We trekked and picked until the cans were full,
Until the tinkling bottom had been covered
With green ones, and on top big dark blobs burned
Like a plate of eyes. Our hands were peppered
With thorn pricks, our palms sticky as Bluebeard’s.

We hoarded the fresh berries in the byre.
But when the bath was filled we found a fur,
A rat-grey fungus, glutting on our cache.
The juice was stinking too. Once off the bush
The fruit fermented, the sweet flesh would turn sour.
I always felt like crying. It wasn’t fair
That all the lovely canfuls smelt of rot.
Each year I hoped they’d keep, knew they would not.

@темы: e'ireann, 20, heaney, seamus, h, english-british


D. H. Lawrence
Amores: Poems (1916)
54. Snap-Dragon

She bade me follow to her garden, where
The mellow sunlight stood as in a cup
Between the old grey walls; I did not dare
To raise my face, I did not dare look up,
Lest her bright eyes like sparrows should fly in
My windows of discovery, and shrill “Sin.”

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@темы: 20, english-british, l, lawrence, d. h.


D. H. Lawrence
Amores: Poems (1916)
59. Firelight and Nightfall

The darkness steals the forms of all the queens,
But oh, the palms of his two black hands are red,
Inflamed with binding up the sheaves of dead
Hours that were once all glory and all queens.

And I remember all the sunny hours
Of queens in hyacinth and skies of gold,
And morning singing where the woods are scrolled
And diapered above the chaunting flowers.

Here lamps are white like snowdrops in the grass;
The town is like a churchyard, all so still
And grey now night is here; nor will
Another torn red sunset come to pass.

@темы: 20, english-british, l, lawrence, d. h.




D. H. Lawrence
Amores: Poems (1916)
43. The Enkindled Spring

This spring as it comes bursts up in bonfires green,
Wild puffing of emerald trees, and flame-filled bushes,
Thorn-blossom lifting in wreaths of smoke between
Where the wood fumes up and the watery, flickering rushes.

I am amazed at this spring, this conflagration
Of green fires lit on the soil of the earth, this blaze
Of growing, and sparks that puff in wild gyration,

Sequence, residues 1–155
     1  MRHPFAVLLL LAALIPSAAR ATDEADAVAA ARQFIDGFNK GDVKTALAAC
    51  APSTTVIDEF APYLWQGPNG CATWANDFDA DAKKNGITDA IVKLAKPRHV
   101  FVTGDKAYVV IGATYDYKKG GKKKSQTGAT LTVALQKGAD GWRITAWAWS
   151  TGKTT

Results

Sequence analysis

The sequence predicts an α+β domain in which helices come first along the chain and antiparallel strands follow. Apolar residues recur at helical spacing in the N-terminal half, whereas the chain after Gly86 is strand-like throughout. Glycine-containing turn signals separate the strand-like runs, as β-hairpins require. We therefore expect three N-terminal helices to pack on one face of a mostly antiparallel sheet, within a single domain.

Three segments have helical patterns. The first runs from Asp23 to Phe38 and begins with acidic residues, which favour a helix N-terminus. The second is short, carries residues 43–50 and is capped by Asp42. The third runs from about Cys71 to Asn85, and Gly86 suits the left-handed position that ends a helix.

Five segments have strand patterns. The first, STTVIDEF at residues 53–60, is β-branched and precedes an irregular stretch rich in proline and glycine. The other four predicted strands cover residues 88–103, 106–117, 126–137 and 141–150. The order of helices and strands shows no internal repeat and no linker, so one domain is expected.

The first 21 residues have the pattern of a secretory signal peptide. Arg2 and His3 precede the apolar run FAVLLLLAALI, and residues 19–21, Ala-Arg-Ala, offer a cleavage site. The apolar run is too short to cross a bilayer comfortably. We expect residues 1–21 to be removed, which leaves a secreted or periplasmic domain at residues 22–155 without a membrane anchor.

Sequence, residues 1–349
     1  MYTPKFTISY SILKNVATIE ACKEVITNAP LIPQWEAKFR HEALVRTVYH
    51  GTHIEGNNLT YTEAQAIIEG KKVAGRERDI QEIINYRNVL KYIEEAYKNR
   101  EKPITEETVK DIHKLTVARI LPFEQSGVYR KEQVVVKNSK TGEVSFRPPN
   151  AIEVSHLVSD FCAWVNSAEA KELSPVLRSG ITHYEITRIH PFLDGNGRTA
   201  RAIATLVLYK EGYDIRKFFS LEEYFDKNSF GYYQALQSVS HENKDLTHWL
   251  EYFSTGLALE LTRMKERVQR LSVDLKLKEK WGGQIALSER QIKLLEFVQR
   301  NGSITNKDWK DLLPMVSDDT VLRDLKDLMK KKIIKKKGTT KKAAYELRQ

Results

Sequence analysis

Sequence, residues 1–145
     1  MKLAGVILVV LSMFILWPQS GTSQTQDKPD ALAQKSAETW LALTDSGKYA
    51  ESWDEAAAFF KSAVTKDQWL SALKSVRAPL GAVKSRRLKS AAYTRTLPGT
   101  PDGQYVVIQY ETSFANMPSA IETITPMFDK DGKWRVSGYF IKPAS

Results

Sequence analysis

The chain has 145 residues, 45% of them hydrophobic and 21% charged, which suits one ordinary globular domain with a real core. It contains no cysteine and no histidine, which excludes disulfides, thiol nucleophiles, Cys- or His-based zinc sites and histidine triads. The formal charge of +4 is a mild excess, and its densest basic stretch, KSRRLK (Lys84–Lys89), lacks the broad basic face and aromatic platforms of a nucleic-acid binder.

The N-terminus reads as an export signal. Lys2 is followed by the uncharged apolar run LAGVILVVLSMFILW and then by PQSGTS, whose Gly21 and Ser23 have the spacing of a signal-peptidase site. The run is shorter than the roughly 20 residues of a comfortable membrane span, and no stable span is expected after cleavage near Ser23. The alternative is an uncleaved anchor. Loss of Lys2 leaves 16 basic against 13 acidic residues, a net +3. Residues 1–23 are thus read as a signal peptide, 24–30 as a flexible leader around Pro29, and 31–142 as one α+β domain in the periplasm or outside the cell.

Faces of people streaming across my gaze.

And I, what fountain of fire am I among
This leaping combustion of spring? My spirit is tossed
About like a shadow buffeted in the throng
Of flames, a shadow that’s gone astray, and is lost.

@темы: 20, english-british, l, lawrence, d. h.



@темы: 19, 20, english-british, h, hardy, thomas


D. H. Lawrence
Amores: Poems (1916)
41. Dissolute

Many years have I still to burn, detained
Like a candle flame on this body; but I enshine
A darkness within me, a presence which sleeps contained
In my flame of living, her soul enfolded in mine.

And through these years, while I burn on the fuel of life,
What matter the stuff I lick up in my living flame,
Seeing I keep in the fire-core, inviolate,
A night where she dreams my dreams for me, ever the same.

@темы: 20, english-british, l, lawrence, d. h.


Джордж Каннинг (1770–1827)
Песенка про четыре несчастья

Однажды у речки дремал старичок.
Колпак на макушке, под ним – паричок.

Дремал бы и дальше, но ветер шальной
Смахнул с него в речку убор головной.

Старик было тростью колпак свой поддел,
Но в воду с макушки парик полетел.

Старик был не в силах сдержать свою злость
И в речку забросил любимую трость.

Забросив, подумал: имущество жаль;
Из речки имущество вынуть нельзя ль?

Подумал – и в речку слетел кувырком,
Где плавали трость и колпак с париком.

Пер. Евг. Фельдман

@темы: к (rus), english-british, 19, 18


D. H. Lawrence
Amores: Poems (1916)
38. Malade

The sick grapes on the chair by the bed lie prone; at the window
The tassel of the blind swings gently, tapping the pane,
As a little wind comes in.
The room is the hollow rind of a fruit, a gourd
Scooped out and dry, where a spider,
Folded in its legs as in a bed,
Lies on the dust, watching where is nothing to see but twilight and walls.

And if the day outside were mine! What is the day
But a grey cave, with great grey spider-cloths hanging
Low from the roof, and the wet dust falling softly from them
Over the wet dark rocks, the houses, and over
The spiders with white faces, that scuttle on the floor of the cave!
I am choking with creeping, grey confinedness.

But somewhere birds, beside a lake of light, spread wings
Larger than the largest fans, and rise in a stream upwards
And upwards on the sunlight that rains invisible,
So that the birds are like one wafted feather,
Small and ecstatic suspended over a vast spread country.

@темы: 20, english-british, l, lawrence, d. h.


D. H. Lawrence
Amores: Poems (1916)
35. Listening

I listen to the stillness of you,
My dear, among it all;
I feel your silence touch my words as I talk,
And take them in thrall.

My words fly off a forge
The length of a spark;
I see the night-sky easily sip them
Up in the dark.

The lark sings loud and glad,
Yet I am not loth
That silence should take the song and the bird